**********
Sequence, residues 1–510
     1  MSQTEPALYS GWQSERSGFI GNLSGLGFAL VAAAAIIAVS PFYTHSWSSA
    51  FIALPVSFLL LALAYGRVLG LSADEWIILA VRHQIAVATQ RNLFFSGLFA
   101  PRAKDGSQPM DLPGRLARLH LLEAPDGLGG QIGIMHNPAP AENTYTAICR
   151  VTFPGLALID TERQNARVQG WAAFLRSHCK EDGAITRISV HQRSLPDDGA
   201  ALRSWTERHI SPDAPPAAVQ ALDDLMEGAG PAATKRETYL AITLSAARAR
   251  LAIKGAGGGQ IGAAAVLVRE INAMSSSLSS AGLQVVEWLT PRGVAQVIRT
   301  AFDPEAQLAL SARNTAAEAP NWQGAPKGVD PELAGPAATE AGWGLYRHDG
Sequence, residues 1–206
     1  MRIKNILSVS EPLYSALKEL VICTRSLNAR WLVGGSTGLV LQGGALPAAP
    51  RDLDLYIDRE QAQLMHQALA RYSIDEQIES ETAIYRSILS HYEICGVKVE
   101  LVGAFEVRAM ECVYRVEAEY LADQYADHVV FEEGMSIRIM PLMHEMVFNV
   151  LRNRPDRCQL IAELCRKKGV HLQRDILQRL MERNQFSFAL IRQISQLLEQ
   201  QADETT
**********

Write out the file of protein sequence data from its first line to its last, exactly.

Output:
Sequence, residues 1–510
     1  MSQTEPALYS GWQSERSGFI GNLSGLGFAL VAAAAIIAVS PFYTHSWSSA
    51  FIALPVSFLL LALAYGRVLG LSADEWIILA VRHQIAVATQ RNLFFSGLFA
   101  PRAKDGSQPM DLPGRLARLH LLEAPDGLGG QIGIMHNPAP AENTYTAICR
   151  VTFPGLALID TERQNARVQG WAAFLRSHCK EDGAITRISV HQRSLPDDGA
   201  ALRSWTERHI SPDAPPAAVQ ALDDLMEGAG PAATKRETYL AITLSAARAR
   251  LAIKGAGGGQ IGAAAVLVRE INAMSSSLSS AGLQVVEWLT PRGVAQVIRT
   301  AFDPEAQLAL SARNTAAEAP NWQGAPKGVD PELAGPAATE AGWGLYRHDG
Sequence, residues 1–206
     1  MRIKNILSVS EPLYSALKEL VICTRSLNAR WLVGGSTGLV LQGGALPAAP
    51  RDLDLYIDRE QAQLMHQALA RYSIDEQIES ETAIYRSILS HYEICGVKVE
   101  LVGAFEVRAM ECVYRVEAEY LADQYADHVV FEEGMSIRIM PLMHEMVFNV
   151  LRNRPDRCQL IAELCRKKGV HLQRDILQRL MERNQFSFAL IRQISQLLEQ
   201  QADETT